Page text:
Saturday, January 2, 2010

Olive Oil Ice Cream with Balsamic Strawberries

I'm going let you in on something my mother and I discussed this past Christmas vacation: the not-so-classy girl of 2009, soon to be 2010.  Call us old fashioned but whatever happened to having a sweet disposition?  Ever notice that now-a-days if you like vintage style clothes, vintage dressers or hair pins then it's a "style", it's not how you are.  Well, it's how I am.  It's how my mom is. It's how my best friend Stephanie is, and we are proud of it.  We like sweet.  We like vintage items, and our tastes are here to stay. Its 2010, and time to show the world just how classy we women can be.  Just how sweet. I'm not saying you have like vintage things to be sweet.  For we all know that being sweet comes from inside, not out.  But here's a good challenge.  Instead of just focusing on ways we can change, improve, and become better fit into 2010,  let's think about the parts of us that we want to keep. The things we like. That contribute to society. That encourage love and maintain peace with conviction.  Let's work on those things, too.  I have a sinking suspicion that if I did this, I would be so much less discouraged when I didn't change right away, and I would love myself just a bit more.

And speaking of women who have come before us, Deb must have been one of those.  This is her saucer that this Olive Oil Ice Cream is in. {I promise I'll get to the ice cream} I wonder where she lived.  What she did. What she loved, what made her laugh, when she cried, and if she liked ice cream.  I also wonder how she would feel that her saucer was sold to a humble baker in Orange County, California.  I doubt that that price reflects the memories that are wrapped up in that saucer, which is why I intend to keep the tag on.  I want Deb to know that this saucer is just as much hers as it is now mine.

Nice job, Deb cause look at how cute those feet are! And mom, kudos to you, you picked this out, and knew I would love it.  And frankly, I think that an elephant foot saucer is the perfect thing to put something as decadent as olive oil into. I love olive oil. And I hope that Deb would too.  This ice cream is a bit like my love for vintage things.  It feels like something new, yet has an old, familiar almost regal flavor.  It's unique, and part of you wants to tell everyone the name of the shop you got it and the other half wants to keep it to yourself, serving it in small portions, wistfully waving your hand when people ask where you got this recipe.  You don't know, it was just "something you had in your recipe book." Go ahead, say it.  I wont care. Shhh, I didn't make this recipe up either. I adapted it, but good ol' technique classes at Williams Sonoma has the patent on this recipe.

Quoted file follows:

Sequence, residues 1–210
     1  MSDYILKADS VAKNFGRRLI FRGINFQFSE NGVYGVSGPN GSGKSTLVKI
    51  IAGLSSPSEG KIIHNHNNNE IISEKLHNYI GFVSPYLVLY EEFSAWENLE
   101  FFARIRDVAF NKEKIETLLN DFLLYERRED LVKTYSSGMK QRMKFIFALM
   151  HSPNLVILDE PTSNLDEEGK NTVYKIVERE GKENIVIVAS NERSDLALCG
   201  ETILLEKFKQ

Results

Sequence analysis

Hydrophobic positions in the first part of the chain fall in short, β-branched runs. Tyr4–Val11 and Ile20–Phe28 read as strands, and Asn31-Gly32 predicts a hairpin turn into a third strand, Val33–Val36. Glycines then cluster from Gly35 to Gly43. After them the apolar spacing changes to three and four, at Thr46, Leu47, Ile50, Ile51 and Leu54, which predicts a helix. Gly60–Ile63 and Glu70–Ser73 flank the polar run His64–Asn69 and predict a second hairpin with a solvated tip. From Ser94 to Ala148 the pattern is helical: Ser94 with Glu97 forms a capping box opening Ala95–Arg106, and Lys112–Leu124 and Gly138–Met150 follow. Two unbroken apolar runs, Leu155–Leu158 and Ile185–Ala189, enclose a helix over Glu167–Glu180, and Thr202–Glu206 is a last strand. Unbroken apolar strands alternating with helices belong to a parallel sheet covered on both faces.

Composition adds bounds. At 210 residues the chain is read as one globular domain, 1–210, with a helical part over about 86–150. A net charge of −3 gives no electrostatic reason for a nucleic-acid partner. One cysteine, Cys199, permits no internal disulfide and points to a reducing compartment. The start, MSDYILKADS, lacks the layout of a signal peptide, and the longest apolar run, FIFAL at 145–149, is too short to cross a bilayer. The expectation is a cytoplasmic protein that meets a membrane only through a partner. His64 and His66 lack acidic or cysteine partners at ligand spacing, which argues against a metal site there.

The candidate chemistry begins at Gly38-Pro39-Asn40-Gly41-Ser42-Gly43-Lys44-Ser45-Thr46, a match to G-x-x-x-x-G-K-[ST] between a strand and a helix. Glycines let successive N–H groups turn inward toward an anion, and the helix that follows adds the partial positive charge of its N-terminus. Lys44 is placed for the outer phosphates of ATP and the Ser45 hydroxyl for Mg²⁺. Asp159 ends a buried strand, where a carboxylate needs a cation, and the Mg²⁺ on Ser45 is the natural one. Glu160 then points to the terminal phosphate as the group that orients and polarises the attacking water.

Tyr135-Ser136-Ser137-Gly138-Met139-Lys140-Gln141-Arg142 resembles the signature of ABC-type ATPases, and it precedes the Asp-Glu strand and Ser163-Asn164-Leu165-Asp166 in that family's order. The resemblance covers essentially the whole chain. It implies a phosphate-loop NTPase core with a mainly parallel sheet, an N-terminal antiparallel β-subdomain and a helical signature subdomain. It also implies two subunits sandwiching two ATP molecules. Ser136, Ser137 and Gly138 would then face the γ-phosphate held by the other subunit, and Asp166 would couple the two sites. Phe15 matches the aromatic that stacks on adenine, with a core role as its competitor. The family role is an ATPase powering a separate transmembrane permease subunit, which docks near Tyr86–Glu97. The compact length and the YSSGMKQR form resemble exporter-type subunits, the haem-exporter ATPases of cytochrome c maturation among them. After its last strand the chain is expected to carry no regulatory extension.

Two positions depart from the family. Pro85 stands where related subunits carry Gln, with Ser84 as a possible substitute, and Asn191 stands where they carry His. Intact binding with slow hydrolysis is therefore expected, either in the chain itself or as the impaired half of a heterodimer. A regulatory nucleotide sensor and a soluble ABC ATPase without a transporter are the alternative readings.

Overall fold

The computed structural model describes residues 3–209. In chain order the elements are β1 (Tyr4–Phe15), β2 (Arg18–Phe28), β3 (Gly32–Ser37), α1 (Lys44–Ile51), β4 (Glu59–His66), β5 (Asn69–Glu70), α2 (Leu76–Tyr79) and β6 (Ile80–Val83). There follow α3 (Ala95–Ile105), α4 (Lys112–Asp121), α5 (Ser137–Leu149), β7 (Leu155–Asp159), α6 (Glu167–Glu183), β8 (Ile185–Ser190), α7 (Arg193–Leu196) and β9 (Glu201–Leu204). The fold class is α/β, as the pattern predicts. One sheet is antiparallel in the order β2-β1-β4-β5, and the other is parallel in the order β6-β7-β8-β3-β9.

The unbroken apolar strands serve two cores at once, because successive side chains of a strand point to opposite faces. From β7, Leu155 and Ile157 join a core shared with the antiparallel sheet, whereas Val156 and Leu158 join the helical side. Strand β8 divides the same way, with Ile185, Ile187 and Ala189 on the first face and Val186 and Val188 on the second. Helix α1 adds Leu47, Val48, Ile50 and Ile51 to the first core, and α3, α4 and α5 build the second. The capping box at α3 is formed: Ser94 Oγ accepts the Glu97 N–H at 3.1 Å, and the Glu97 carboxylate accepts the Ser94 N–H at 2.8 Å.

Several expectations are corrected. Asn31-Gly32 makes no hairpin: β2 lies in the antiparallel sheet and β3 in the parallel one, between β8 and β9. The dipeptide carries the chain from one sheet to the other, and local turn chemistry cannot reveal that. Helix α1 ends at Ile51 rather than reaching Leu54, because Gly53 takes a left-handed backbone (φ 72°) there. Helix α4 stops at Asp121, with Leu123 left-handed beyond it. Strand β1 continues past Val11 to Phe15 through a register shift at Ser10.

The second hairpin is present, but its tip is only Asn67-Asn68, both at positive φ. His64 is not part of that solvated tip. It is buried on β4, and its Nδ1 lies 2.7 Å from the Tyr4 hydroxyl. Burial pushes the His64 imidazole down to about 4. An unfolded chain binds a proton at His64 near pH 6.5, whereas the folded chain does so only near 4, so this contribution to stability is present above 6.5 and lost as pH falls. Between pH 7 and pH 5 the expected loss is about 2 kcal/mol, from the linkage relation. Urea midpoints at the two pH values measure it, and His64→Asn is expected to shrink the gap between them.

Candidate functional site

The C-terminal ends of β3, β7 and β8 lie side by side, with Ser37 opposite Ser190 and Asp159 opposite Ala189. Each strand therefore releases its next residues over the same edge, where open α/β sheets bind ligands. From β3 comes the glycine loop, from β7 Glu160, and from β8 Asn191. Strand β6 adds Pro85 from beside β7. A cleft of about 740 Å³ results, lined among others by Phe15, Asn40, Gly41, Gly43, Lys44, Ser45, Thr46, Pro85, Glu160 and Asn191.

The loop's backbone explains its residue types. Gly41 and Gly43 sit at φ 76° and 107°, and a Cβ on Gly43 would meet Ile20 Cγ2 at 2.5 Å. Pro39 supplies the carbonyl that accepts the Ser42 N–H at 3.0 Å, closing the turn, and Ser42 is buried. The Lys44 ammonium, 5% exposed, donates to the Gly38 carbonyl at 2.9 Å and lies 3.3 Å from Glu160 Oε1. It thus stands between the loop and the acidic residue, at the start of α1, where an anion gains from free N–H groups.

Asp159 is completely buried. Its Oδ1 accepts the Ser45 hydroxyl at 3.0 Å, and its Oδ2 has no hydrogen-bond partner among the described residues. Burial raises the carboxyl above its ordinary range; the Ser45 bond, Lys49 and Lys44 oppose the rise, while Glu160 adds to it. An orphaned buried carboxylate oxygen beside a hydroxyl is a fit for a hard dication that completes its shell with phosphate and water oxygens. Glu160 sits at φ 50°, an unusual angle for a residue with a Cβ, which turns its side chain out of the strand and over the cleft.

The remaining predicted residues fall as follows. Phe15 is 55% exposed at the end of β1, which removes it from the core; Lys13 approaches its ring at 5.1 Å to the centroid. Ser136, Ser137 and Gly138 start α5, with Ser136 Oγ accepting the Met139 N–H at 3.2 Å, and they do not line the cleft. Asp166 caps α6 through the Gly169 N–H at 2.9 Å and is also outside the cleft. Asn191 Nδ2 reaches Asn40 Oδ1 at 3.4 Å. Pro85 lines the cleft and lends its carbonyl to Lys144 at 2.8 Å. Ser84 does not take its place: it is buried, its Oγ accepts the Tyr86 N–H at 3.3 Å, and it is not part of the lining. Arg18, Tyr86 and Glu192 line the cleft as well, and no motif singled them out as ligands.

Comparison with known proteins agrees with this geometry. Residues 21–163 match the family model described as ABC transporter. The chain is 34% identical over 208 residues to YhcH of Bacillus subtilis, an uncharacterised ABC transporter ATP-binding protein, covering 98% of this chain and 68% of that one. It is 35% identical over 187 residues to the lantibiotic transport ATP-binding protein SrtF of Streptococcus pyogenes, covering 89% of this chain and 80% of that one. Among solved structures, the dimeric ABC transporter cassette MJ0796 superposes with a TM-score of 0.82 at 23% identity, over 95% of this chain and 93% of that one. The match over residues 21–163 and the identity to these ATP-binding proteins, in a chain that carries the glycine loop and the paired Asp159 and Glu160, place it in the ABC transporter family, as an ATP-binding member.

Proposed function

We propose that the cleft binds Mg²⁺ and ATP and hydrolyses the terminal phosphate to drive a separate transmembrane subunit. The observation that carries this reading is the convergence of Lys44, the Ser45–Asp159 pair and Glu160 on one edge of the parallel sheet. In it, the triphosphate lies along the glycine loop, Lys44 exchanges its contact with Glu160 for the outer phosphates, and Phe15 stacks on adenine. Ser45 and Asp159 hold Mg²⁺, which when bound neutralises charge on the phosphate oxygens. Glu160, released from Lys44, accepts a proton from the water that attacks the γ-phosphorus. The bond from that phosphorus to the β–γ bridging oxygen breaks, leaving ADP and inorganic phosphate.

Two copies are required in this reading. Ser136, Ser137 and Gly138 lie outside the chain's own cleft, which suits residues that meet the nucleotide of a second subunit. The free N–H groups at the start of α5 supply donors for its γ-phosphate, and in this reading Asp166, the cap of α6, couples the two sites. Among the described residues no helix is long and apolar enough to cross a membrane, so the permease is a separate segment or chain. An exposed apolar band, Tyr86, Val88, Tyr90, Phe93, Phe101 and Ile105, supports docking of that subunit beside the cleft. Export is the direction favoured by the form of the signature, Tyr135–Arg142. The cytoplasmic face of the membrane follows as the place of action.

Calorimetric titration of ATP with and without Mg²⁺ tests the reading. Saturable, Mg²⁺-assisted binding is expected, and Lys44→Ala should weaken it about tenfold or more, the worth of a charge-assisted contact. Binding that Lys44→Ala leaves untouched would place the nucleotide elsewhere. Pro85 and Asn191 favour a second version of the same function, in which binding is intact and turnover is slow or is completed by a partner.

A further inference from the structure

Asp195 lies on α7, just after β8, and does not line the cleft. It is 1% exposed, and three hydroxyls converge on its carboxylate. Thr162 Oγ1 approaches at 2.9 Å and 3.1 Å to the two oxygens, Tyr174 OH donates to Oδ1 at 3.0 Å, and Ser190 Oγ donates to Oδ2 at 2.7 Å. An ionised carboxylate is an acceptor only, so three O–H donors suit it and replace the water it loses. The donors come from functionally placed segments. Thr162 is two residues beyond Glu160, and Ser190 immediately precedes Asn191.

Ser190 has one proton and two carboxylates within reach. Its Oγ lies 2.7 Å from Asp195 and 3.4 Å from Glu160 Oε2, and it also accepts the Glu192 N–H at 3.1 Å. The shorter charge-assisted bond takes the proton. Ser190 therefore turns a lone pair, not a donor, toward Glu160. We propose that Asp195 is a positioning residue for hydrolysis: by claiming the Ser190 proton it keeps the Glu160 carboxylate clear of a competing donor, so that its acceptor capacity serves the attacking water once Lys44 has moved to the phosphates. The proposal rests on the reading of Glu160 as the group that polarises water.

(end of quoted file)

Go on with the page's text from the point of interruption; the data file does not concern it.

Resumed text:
Give this a try.  It's odd, it's curious, and it's a reminder that some of the best flavors we can create are things that have been around forever.  I think you'll like it, and while you do, think about the things inside yourself you like. Encourage those. The rest, they can't live without breath.  Inhale.Exhale.Bite.Smile.Repeat.

Olive Oil Ice Cream with Balsamic Strawberries (Adapted from Williams Sonoma)
{makes 1 1/2 quarts}

3 cups milk
1 cup heavy whipping cream
6 egg yolks
1 cup sugar
2/3 cup extra virgin olive oil
1 pint strawberries, hulled and cut into medium pieces
enough balsamic vinegar to drown strawberries

In a large sauce pan, stir together cream and milk over medium heat.  Do not let this boil, only form small bubbles on the side of the pan.  In the mean time, beat egg yolks and sugar in mixer with whisk attachment on medium to high speed, until it's triple in size, which is about 5 minutes.  When this happens, it's so beautiful you will want to stop and take a picture.  I didn't and wish I did. So please do, and show me.  Remove milk and cream from heat, and pour 2 cups of milk and cream mixture into the egg mixture changing speed to medium-low.  Add in mixture 1/4 cup at a time and be sure to scrape the sides occasionally.  Mix each time until just combined.  Slowly add the olive oil in a steady stream, making sure that it begins to mix into the egg/cream/milk/sugar mixture. Turn the heat on the stove back on to medium heat, and whisk new egg mixture into rest of cream and milk mixture at a slow, but steady pace.  You will see the oil trying to separate out.  No worries, that's just chemistry.  This need to cook for about 15 minutes, until it reaches 175 degrees.  The original recipe says to strain the mixture at this point into a new bowl. I did not do this.  I added a bit of texture to the ice cream, something that I like.  However, if you don't want texture, strain away.  Place pan into freezer for 30 minutes, allowing the mixture to cool.  Once cooled to room temperature or close to this (about 30 minutes) pour into freezer bowl for ice cream and churn according to manufacturer's instructions.  While churning, wash, hull and cut strawberries.  Place into a small bowl, douse in Balsamic Vinegar, and place into fridge.  Once Ice cream as been fully churned (about 35 minutes), fold in strawberries.  Place in an airtight container, and let freezer overnight.  Enjoy!  My mom put a bit of chocolate on it, and loved it.  I hope you will too!


  1. I love this post as I I have been thinking along those lines. The ice cream is fascinating and definitely worth a try. Right now it is fifteen below 0 degrees F so I will book mark and wait till we warm up to - you know - eight degrees before I eat ice cream.

  2. Really lovely sentiment and I love the dish with its little feet and your musing about where it's been and what it has contained. The recipe and photo are brilliant as well.

    Thanks for sharing and Happy New Year!

  3. The recipe looks wonderful and I love the little dish, and your musings about it.